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Marketer A-List 2018: MedMen

Pot purveyor lights the way for a new category of weed marketing

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MedMen's glossy ads are aimed at destigmatizing the traditional image of marijuana users.
MedMen's glossy ads are aimed at destigmatizing the traditional image of marijuana users. Credit: MedMen

Los Angeles-based cannabis retailer MedMen has been leading the charge to bring marijuana into the mainstream—a market estimated to hit $75 billion by 2030, says investment firm Cowen & Co.

When recreational marijuana became legal in California this year, L.A. customers who visited MedMen stores waited in block-long lines, not unlike the mobs seen at iPhone or Supreme drops. Inside, they found sales reps welcoming them into a space featuring wooden walls and elegant glass-topped display cases holding sniffable bud samples and iPads with more info on the goods.

Such upscale design elements have helped MedMen transcend any seedy, black-market stereotypes and led some to label it the Apple or Starbucks of weed.

"We're a retailer and we happen to sell cannabis," says Chief Marketing Officer David Dancer, who last served as executive VP and head of marketing at Teleflora.

CEO Adam Bierman and President Andrew Modlin, the company's co-founders, have largely focused their efforts on shaping MedMen as a retail brand. This year, the company debuted two major campaigns seeking to destigmatize cannabis. The first, which dropped in April, depicted folks from all walks of life—a cop, a coach, a designer and an enterpreneur—standing behind the scratched-out word "stoner."

In August, the brand introduced its largest marketing effort to date—a $4 million campaign that displays the word "cannabis" in large letters against vibrant photography of consumers enjoying L.A. locations like Beverly Hills.

MedMen also recently expanded its ads to Las Vegas with billboards depicting "locals" (e.g., an Elvis impersonator) that point to the chain's newest retail location in Paradise, Nevada.

In both the ads and real life, consumers emerge from MedMen stores carrying the brand's signature red zippered totes. "If this were 10 years ago, you'd be getting it in a brown bag, but now [our shoppers can say], 'I can purchase cannabis and be proud of it,'" Dancer says.

MedMen has worked steadily to increase its ad presence despite regulatory hurdles. The brand has been featured in national spots on Sirius XM. It broke through in terrestrial radio earlier this year on San Diego alternative station 91X.

MedMen's magazine
MedMen's magazine Credit: MedMen

In April, MedMen partnered with ENTtech Media, the company behind Paper magazine, to create Ember, a glossy magazine focused on the cannabis lifestyle with informational pieces that also happen to promote wares sold at its stores. Last month, Ember expanded to become a digital content platform.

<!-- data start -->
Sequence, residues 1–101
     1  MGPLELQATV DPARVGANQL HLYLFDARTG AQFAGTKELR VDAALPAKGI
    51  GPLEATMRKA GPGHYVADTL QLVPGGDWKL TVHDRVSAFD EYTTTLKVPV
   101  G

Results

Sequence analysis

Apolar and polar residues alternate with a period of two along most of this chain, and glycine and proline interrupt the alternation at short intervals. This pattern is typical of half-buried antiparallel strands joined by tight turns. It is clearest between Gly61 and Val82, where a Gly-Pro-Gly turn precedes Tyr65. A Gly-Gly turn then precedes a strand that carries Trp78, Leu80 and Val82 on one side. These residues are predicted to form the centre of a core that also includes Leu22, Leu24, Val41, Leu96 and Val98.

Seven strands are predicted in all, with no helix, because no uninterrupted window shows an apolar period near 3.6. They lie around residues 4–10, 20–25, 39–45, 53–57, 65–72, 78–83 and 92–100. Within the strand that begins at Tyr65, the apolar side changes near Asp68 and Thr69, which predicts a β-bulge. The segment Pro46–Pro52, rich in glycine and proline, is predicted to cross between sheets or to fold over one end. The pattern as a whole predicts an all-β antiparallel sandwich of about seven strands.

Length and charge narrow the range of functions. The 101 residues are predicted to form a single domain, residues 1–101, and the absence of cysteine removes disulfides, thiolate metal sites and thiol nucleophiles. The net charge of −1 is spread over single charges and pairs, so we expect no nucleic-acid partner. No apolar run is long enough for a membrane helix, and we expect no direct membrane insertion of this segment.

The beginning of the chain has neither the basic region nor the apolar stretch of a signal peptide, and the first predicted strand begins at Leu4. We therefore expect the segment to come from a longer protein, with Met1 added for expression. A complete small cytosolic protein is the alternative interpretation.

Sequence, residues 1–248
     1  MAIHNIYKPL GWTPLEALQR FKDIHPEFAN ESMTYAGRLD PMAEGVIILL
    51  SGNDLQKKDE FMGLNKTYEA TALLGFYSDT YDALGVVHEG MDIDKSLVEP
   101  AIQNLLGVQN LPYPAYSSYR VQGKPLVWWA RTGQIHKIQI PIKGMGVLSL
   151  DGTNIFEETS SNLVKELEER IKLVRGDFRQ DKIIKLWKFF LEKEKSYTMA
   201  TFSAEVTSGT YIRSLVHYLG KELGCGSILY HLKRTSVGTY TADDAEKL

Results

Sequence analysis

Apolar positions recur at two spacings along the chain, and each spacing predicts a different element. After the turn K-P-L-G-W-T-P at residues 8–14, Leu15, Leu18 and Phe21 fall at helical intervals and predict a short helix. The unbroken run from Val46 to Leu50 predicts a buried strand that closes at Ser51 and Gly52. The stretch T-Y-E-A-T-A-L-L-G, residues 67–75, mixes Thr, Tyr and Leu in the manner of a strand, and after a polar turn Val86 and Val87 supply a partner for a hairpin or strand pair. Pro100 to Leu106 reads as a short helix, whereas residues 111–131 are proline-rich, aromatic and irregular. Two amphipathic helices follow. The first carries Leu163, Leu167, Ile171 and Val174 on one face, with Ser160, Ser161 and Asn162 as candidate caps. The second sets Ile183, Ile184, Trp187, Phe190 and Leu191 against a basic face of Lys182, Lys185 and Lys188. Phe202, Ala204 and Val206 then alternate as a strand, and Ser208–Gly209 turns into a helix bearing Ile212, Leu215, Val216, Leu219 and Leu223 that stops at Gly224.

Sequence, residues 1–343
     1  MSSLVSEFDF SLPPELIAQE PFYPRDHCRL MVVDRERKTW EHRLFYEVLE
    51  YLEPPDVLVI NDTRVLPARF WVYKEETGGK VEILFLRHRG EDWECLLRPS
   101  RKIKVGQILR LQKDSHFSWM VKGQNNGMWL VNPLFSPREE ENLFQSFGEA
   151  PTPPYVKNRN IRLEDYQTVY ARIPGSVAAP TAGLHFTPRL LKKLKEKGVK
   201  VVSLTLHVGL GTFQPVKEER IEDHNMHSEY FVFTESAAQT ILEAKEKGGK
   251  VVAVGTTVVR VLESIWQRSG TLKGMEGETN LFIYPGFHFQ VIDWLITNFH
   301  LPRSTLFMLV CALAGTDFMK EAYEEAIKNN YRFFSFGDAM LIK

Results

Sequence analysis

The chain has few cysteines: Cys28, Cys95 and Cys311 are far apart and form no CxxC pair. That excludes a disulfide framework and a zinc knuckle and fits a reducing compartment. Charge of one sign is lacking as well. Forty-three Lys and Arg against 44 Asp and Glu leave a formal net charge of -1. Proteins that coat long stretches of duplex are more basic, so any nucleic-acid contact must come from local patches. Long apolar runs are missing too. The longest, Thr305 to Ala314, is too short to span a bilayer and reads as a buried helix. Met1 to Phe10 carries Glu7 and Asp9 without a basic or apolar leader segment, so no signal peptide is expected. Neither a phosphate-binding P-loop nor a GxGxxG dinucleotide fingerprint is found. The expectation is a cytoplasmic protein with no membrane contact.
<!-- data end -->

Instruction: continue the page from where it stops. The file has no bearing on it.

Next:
The amped up marketing coincides with the company's explosive growth. According to the company's most recent financial statement, MedMen saw annual systemwide revenues of $39.8 million for the fiscal year ended June 30, up from $2.7 million in fiscal year 2017. MedMen currently operates 19 retail and manufacturing facilities in California, Nevada, Florida and New York, with Arizona and Illinois to follow soon.

In August, MedMen acquired medical cannabis firm PharmaCann for $682 million, increasing to 12 the number of states in which it has licenses. And just last month, MedMen debuted its own high-end cannabis product line, Statemade.

Still, there are growing pains. MedMen has yet to become profitable, and last month the company revised down its fundraising round by almost half and saw the departure of CFO James Parker. A Yelp review for its first retail location in West Hollywood also crystallizes what may be an issue for the brand as more states legalize recreational use: "Now that it's open to the public it's like the Upside Down from ["Stranger Things"]. Totally packed and chaotic, so many people at one time you can't even see the product, every time of day the store seems completely picked-through."

In 2019, marketing spending will likely increase, but Dancer says the approach will be tactical. "The $4 million budget of the 'cannabis' campaign is appropriate for today," he says. "But as we go from 15 stores to 66 stores, I want to make sure we're not replicating for the sake of replicating, but making decisions for efficiencies and returns."

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